Just one teensy tiny anecdote about what it’s like supporting a trans child.
I’m at a medical appointment with my oldest.
Practitioner: chit-chat chit-chat [misgenders my child] chit-chat. Then she says right away, “I really like the name Phoenix!”
Me: “Thank you! You know, he picked that name out himself. When he was eight! So I can’t take the credit!”
Practitioner seems taken aback, because of the pronoun correction probably but also, in my experience, people often don’t understand how a child could “pick out” their own name.
“What… what was their name before?”
Me, smiling and relaxed and making eye contact and really hearing that question and answering a bit slowly: “You know, I don’t usually share that! Because… he’d prefer I don’t.”
Practitioner says something polite, seems a little uncertain (and may have been worried she shouldn’t have asked that) but the room still feels pretty relaxed.
Me [laughing]: “You know it’s amazing when your child wants to change their name, it’s like – dang my feelings are hurt a little! I’m so used to it now – it’s been years.”
Practitioner nods and laughs, then:
Phoenix: “I think of it as a gift. It’s a gift my mom gave me,” – he places his hands forward in a little open prayer shape – “and I appreciated it, and I decided to pass it on.”
These interactions happen pretty regularly. I am not complaining about this practitioner at all. She was kind throughout, I’ll add.
I will say if you are not trans, you have no idea what it’s like to be stared at, to be subject to gender policing, constant misgendering, hostile glares, invasive questions, physical threats – all of the above due to your perceived gender identity.
I don’t know what that’s like either, as I am cisgender. But it’s fatiguing, I can tell you that much.
By way of one tiny example, my entire life I have been able to stroll into a bathroom and know no one will question why I’m in there or hate crime my ass because of how they perceive my gender and whether it belongs to me. So, I didn’t think much about public bathrooms for much of my life. But I have a teeny tiny window into the difficulty now, due to how much time I’m with my child and/or supporting my child. Life is much harder, when one can’t relax about public bathrooms! Single use and genderless restrooms are literally a public health issue, but many cisgender people don’t see that nor advocate for these bathrooms as passionately as they should.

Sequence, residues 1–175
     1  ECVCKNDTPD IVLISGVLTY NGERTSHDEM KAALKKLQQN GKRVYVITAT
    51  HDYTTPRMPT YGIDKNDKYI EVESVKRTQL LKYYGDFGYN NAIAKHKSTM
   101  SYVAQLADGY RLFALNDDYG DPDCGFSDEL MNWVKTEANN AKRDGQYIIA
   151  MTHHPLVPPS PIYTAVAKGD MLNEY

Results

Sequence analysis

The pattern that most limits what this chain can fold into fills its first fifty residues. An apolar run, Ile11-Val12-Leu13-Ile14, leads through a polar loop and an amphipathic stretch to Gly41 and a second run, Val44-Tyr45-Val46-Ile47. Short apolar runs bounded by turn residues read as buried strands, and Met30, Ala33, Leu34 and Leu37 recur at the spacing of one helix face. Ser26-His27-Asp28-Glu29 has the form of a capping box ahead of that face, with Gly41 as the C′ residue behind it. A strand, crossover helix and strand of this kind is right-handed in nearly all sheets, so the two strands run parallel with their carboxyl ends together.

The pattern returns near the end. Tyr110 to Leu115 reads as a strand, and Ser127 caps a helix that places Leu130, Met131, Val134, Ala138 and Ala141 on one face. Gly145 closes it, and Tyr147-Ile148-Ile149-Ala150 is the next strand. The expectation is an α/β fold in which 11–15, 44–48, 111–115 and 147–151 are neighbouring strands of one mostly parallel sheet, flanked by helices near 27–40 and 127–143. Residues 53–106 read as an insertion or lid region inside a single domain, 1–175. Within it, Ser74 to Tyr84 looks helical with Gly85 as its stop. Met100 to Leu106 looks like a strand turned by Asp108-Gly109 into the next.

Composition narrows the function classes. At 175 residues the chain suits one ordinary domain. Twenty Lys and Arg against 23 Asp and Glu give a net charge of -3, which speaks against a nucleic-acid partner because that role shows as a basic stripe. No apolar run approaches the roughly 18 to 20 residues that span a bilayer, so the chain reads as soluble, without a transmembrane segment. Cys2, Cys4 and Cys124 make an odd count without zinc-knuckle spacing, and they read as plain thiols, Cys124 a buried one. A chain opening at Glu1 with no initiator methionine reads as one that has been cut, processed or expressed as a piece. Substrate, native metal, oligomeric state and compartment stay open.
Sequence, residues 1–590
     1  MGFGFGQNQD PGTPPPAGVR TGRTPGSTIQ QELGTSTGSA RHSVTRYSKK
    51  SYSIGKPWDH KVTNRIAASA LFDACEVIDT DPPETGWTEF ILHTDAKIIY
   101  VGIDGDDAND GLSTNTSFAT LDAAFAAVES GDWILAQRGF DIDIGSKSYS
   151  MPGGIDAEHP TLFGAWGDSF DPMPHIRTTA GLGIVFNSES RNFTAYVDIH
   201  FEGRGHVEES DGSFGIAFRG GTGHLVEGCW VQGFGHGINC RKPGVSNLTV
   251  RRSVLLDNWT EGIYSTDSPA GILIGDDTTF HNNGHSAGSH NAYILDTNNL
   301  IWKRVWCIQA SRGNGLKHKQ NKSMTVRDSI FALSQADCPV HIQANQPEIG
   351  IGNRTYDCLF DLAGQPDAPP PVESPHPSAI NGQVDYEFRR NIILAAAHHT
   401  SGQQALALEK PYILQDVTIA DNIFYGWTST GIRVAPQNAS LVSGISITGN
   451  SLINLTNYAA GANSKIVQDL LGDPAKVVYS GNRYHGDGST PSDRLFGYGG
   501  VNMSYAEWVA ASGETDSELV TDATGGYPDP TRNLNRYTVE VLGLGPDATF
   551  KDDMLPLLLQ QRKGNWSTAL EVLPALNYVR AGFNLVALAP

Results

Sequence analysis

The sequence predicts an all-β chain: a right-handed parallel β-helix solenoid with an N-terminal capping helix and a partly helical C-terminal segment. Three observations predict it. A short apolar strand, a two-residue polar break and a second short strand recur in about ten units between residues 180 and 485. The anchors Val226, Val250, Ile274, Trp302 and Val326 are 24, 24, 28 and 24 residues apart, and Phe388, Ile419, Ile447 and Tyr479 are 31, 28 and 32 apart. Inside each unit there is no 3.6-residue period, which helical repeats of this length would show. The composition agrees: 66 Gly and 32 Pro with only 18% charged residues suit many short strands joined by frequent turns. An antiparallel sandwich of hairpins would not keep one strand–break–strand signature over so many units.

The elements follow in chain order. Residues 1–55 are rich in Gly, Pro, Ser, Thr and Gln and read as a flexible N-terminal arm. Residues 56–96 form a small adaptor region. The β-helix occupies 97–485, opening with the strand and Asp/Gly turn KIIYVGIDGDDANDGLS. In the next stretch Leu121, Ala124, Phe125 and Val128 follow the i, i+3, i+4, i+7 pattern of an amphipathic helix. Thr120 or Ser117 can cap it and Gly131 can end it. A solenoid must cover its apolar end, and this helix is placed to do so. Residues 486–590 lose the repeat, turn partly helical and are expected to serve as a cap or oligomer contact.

I remember the first time my oldest child used the men’s changing room at a department store. I will never forget the employee (Aberdeen Marshalls) who said, “OK sir – right this way!” and escorted my child with a relaxed wave of her arm. Bless that fucking woman. I sat there with tears welling up in my eyes and tried to act casual. I’d been prepared for something else.
It’s not that people who are inclusive or who do the right thing deserve special acclaim, or a medal. It’s that I can be so apprehensive that I get this flood of relief when people are kind or bare-minimum decent.
So if you’re cisgender, when you think or say, “Why don’t ‘they’ – ” I want to encourage you to shut up one hundred percent and stop talking. You’re just wrong, you’re embarrassing yourself, and you can do better. And while there are people who might be willing to take you under their wing and explain things to you – sometimes I’m that person! – at the end of the day, if you keep doggedly grasping old ideas and crummy ones you might find people aren’t too patient with you nor interested in you.
Phoenix and I discussed this conversation when we got in the car. We giggled about it a bit. “I think [the practitioner] was just ignorant,” Phoenix said – meaning, did not pick up on clues that Phoenix was trans, and in general is undereducated on trans issues. I think that is an accurate assessment.
I can’t speak for Phoenix, but I can say ignorance is interesting to me. We are all ignorant in some way or another. But how we handle things when our ignorance is exposed – that is the mark of our character.